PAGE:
The Charcutepalooza Challenge for February is salt cured PORK BELLY. While we did not qualify in the advanced category by making pancetta or guanciale this month, we tried to take it to the next level in a different way… Bacon Ice Cream. Taking inspiration from the now famous blog post by David Lebovitz, and incorporating a brown butter puree a la Ideas in Food authors Aki and Alex, we set out to make a Brown Butter Bourbon Maple Bacon Ice Cream.
But, first, back to the bacon. The heart of this month’s challenge, bacon, has been a relatively new love of mine. Not the eating of bacon; that goes back a long time. But I started making my own bacon about 2 years ago. So, I am so excited to post about this:
EVERYONE SHOULD MAKE THEIR OWN BACON!
There. I said it. Seriously, the hardest part of making bacon is sourcing the pig. But with the growth and popularity of small, local farms that are raising quality animals, this is getting easier and easier. After getting the pork belly, making bacon is no harder than marinating a steak and cooking a roast on a grill. I have a couple friends that I make bacon with. Every few months, we order a couple sides of pork belly and get together to set up the cure. After the standard salt cure, things tend to get a little crazy. I admit, I am the traditionalist in the group and tend to stick to one slab of savory (heavy on the garlic, peppercorns and juniper) and one sweet (maple and bourbon of late). My friend Grace is on the other extreme with bizarre combinations. This last batch included a coconut curry piece and a chocolate raspberry slab. Oddly enough, come tasting time, these are often the winners.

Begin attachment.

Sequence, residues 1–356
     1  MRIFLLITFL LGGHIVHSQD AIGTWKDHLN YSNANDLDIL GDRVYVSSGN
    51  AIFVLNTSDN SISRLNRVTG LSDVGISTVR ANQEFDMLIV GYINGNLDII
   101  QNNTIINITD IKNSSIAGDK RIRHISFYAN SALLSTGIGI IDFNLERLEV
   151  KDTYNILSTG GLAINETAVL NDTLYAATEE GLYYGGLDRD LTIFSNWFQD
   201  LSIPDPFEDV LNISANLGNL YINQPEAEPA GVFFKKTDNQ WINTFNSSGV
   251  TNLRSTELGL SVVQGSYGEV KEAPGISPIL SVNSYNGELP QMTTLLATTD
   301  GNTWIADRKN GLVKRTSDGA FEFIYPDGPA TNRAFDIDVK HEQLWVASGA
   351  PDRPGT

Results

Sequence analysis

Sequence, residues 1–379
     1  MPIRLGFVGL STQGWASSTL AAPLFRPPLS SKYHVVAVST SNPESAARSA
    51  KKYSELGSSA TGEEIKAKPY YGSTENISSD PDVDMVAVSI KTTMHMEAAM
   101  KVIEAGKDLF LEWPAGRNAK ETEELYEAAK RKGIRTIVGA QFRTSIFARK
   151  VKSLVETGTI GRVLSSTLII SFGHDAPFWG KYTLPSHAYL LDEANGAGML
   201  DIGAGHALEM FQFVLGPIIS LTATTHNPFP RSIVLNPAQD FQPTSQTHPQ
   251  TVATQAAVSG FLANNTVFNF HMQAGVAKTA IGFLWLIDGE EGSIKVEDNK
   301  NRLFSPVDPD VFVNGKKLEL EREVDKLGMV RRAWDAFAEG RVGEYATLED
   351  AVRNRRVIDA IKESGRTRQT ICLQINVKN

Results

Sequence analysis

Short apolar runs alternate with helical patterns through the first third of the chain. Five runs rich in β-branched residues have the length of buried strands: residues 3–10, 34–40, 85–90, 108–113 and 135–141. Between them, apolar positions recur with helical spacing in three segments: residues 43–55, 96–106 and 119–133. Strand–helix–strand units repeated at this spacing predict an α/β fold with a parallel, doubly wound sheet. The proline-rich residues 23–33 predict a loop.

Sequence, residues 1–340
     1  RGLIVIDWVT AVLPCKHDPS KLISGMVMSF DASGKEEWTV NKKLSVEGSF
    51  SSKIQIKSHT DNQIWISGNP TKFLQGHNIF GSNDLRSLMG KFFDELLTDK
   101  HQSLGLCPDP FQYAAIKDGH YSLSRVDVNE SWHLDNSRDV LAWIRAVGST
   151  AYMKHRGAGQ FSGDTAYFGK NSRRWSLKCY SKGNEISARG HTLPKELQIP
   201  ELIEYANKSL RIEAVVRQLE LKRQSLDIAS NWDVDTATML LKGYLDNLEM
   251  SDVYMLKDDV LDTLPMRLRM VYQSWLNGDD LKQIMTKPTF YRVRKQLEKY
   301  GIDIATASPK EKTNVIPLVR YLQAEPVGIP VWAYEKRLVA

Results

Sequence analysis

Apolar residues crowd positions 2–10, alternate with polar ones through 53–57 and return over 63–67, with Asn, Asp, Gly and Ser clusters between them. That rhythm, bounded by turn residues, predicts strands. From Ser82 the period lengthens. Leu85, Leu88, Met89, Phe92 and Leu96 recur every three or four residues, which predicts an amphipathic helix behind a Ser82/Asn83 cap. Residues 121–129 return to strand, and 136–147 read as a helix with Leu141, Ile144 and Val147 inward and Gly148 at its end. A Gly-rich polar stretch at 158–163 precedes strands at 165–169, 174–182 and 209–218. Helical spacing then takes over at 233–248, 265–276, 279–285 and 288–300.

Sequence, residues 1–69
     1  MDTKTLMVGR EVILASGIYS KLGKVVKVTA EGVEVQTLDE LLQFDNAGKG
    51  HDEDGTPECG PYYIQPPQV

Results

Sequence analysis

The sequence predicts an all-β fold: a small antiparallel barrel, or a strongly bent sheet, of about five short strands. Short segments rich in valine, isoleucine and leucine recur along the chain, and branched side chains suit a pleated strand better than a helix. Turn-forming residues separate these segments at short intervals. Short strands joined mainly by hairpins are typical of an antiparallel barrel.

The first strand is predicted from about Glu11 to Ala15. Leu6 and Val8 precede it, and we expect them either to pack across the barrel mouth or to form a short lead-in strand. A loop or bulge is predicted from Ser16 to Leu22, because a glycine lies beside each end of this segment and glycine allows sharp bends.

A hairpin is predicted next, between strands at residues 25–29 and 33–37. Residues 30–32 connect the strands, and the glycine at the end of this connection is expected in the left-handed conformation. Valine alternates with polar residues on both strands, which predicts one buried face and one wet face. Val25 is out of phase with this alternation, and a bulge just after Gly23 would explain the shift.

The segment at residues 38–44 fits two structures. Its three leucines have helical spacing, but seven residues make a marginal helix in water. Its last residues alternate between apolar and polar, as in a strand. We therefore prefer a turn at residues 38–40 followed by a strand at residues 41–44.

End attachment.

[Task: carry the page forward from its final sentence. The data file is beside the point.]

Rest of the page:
A week or so later, we meet up again to throw everything on the hot smoker grills. Temp up to 150 and we have bacon! Actually, I mispoke earlier; the hardest part of making bacon is trying not to eat too much when the meat comes off the smoking grills.
When Scott suggested this crazy ice cream idea, I fortunately had a slab of bourbon maple bacon sitting in my fridge. I borrowed an ice cream maker and started the process. The brown butter puree was a new adventure from Ideas in Food with ideas from this blog post. My family had tried something similar before and the feedback was that the bacon got a bit soggy in ice cream, so I worked to keep everything as crisp as possible. Plus, I reserved some of the bacon as a topping. The results were mixed. Next time, I think I will try chopping the bacon up before candying it, letting more of the surfaces get a good coating of brown sugar glaze.
The flavor is unmistakably bacon, but it actually works. The richness of the brown butter base countered with a little crunch and salty, smoky bacon! Give it a try with your next batch of homemade bacon!